Smithsonian Folkways has announced the release of Songs from the Bardo, a collaborative long-form composition by multimedia artist Laurie Anderson, Tibetan singer and multi-instrumentalist Tenzin Choegyal, and activist and composer Jesse Paris Smith, to be released September 27. The piece, first performed as a mostly improvisatory performance at New York’s Rubin Museum of Art, is a guided journey through the visionary text of the Tibetan Book of the Dead. Over the course of a single, 80-minute ebb and flow of sound and words, this unique assemblage of artists, joined by cellist Rubin Kodheli and percussionist Shahzad Ismaily, has created a transporting experience, meant to draw the listener into the present moment and provide a framework for inner exploration.
Laurie Anderson’s voice, and its subtle concoction of gravity and grace, is a central sonic element of Songs from the Bardo. Her narration acts as a beacon for the karmic imprint of all beings as they experience the ultimate transformation of one life into what comes next. “Homage to the gurus,” she begins with a weightless solemnity as she invokes Amitābha, the Buddha of Infinite Light. Throughout her artistic career, which extends beyond music, sculpture, and immersive virtual reality experiences, Anderson has incorporated elements of her personal Buddhist practice, but never as explicitly and with such depth as she does on Songs from the Bardo. Throughout the recording, her experiential understanding of Buddhist philosophy is demonstrated through her expressive capabilities, as her intonation and articulations reflect the confusion, fear, and quiet ecstasy that the text evokes. “Do not be afraid of the brilliant light, luminous and clear, sharp and bright,” she speaks with a disconnected calm before bearing down, “Recognize them as wisdom.”
Tenzin Choegyal and Jesse Paris Smith, along with cellist Rubin Kodheli, craft a panoramic musical counterpoint that purposefully drifts in and out of the foreground, often dissolving into silence from grand crescendos of triumphant song. Choegyal, who was born into a family of Tibetan nomads forced out of their homeland and exiled in India, explains in the album’s liner notes, “I have tried to channel the wisdom and traditions of my ancestors through my music in a very contemporary way while holding the depth of my lineage.” He incorporates lingbu (a Tibetan bamboo flute), dranyen (a stringed, lute-like instrument), as well as singing bowls, gong, and his own voice, recontextualizing ancient musical heritage inside this new sonic landscape. Smith, who comes from her own musical traditions as the daughter of punk icon Patti Smith, guides the journey forward through expressive piano playing and the creation of beds of drone using a collection of crystal bowls.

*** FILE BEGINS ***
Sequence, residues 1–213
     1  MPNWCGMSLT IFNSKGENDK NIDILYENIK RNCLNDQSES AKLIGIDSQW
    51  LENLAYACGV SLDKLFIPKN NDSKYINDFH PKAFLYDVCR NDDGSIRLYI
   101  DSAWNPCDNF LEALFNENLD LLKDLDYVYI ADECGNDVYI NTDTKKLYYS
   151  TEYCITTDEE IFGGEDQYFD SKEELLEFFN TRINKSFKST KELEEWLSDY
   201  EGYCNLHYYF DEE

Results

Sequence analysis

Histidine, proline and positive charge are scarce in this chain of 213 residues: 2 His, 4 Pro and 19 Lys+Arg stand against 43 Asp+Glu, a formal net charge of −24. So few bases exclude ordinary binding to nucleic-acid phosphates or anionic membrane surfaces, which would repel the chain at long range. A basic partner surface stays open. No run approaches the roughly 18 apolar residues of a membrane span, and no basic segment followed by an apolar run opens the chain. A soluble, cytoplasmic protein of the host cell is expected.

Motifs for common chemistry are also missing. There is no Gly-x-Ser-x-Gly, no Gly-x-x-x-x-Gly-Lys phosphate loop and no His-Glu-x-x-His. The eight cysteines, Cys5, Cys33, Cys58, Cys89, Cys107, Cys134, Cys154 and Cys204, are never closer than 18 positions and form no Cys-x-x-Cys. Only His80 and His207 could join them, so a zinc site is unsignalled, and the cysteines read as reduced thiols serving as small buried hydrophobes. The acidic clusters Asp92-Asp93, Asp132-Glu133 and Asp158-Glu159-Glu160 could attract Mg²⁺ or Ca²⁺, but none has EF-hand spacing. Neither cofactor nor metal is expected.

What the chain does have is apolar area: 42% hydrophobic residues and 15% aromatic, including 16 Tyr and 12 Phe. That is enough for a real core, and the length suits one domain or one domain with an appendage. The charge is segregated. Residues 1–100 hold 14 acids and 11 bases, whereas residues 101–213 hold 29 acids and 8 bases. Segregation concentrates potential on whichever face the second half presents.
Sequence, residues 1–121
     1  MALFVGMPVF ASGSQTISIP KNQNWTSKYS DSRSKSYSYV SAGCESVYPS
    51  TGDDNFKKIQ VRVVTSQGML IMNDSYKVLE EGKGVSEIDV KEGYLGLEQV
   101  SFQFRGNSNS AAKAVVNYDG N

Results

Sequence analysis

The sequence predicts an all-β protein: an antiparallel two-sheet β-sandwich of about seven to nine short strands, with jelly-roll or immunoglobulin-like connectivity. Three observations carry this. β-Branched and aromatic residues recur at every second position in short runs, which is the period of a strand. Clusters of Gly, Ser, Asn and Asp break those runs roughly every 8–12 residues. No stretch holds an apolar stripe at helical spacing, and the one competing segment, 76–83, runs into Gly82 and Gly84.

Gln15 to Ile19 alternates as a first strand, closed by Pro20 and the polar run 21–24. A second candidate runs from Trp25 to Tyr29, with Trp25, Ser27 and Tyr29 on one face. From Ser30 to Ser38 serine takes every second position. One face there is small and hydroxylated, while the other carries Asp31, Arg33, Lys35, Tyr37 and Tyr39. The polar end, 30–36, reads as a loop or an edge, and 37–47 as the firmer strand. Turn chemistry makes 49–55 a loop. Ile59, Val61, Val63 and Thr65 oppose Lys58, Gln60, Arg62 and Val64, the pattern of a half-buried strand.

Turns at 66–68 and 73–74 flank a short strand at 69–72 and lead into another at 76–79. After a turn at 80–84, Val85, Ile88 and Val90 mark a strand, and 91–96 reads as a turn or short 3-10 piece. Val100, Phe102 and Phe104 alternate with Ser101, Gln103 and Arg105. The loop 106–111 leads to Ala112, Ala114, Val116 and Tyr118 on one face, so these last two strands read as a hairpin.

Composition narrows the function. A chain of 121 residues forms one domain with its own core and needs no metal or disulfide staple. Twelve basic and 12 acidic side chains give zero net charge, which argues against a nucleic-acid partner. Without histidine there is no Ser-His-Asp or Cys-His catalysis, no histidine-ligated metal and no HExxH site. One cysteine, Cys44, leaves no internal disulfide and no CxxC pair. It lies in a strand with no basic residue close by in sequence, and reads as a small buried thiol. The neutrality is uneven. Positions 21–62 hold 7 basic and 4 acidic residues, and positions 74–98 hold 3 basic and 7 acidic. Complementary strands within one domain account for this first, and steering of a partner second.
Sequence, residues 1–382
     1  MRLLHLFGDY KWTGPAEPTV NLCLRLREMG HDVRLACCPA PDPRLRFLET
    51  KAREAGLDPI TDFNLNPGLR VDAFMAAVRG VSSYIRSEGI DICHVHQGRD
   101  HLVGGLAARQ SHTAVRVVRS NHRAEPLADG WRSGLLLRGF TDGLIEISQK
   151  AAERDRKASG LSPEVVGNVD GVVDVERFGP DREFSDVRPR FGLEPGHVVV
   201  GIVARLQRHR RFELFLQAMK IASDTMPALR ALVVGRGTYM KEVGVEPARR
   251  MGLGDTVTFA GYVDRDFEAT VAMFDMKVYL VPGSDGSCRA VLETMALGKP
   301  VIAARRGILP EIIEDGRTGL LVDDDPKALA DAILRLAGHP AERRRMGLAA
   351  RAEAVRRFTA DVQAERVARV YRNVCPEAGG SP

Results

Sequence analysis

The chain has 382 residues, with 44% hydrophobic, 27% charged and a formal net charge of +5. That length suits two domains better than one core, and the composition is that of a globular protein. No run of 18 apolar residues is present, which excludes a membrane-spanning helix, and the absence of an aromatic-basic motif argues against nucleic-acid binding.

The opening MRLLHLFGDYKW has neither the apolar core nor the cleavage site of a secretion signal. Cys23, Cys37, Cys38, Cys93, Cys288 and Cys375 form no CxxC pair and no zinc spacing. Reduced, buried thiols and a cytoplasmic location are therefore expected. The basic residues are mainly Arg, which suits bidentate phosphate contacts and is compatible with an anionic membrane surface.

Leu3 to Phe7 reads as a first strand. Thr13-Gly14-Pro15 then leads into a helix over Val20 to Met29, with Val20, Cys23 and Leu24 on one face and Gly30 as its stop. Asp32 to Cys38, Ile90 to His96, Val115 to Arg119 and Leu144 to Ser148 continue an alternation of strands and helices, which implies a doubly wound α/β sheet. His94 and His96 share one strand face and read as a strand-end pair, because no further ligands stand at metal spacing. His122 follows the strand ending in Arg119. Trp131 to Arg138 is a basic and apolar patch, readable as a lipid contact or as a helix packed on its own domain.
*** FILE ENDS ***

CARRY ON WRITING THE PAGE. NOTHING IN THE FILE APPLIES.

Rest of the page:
Though Songs from the Bardo is intended as introspective, something personal and to be experienced with solitude, the roots of the project lie in shared activist work. Smith and Choegyal met in 2008 at the annual Tibet House US Benefit Concert at Carnegie Hall, raising money to preserve the endangered Tibetan culture and traditions. The pair first discussed creating a work based on the Tibetan Book of the Dead after the 2014 benefit, and the trio performed a shortened version of Songs from the Bardo at the 2015 edition. Smith is now a member of the Associate Board of Tibet House US, and all three musicians have performed at the organization’s yearly benefit multiple times.
This shared love and devotion of Tibetan culture and Buddhist tradition is at the root of Songs from the Bardo. Laurie Anderson, Jesse Paris Smith, Tenzin Choegyal, and Rubin Kodheli have created a piece of music that transcends time by creating an environment in which to lose one’s self, to imagine a space outside of sensory experience. But they also suspend time in a larger sense; by exploring the millennia-old ideas contained in the Tibetan Book of the Dead through a contemporary, exploratory lens, one based equally in spontaneity and repose, it reveals the still very much relevant wisdom contained within. These musicians build a bridge between then and now by illuminating death, the one constant in the impermanent human experience.
The musicians would like to thank Michael Askill for his inspiration in the creation of this work.
01 Homage to the Gurus
02 Heart Sutra Song – Gone Beyond
03 Awakened One
04 The Three Jewels
05 Brilliant Lights
06 Listen Without Distraction
08 Dancing with the Crescent Knife
10 Natural Form of Emptiness
12 Dividing Line
13 Moon in the Water
14 Awakened Heart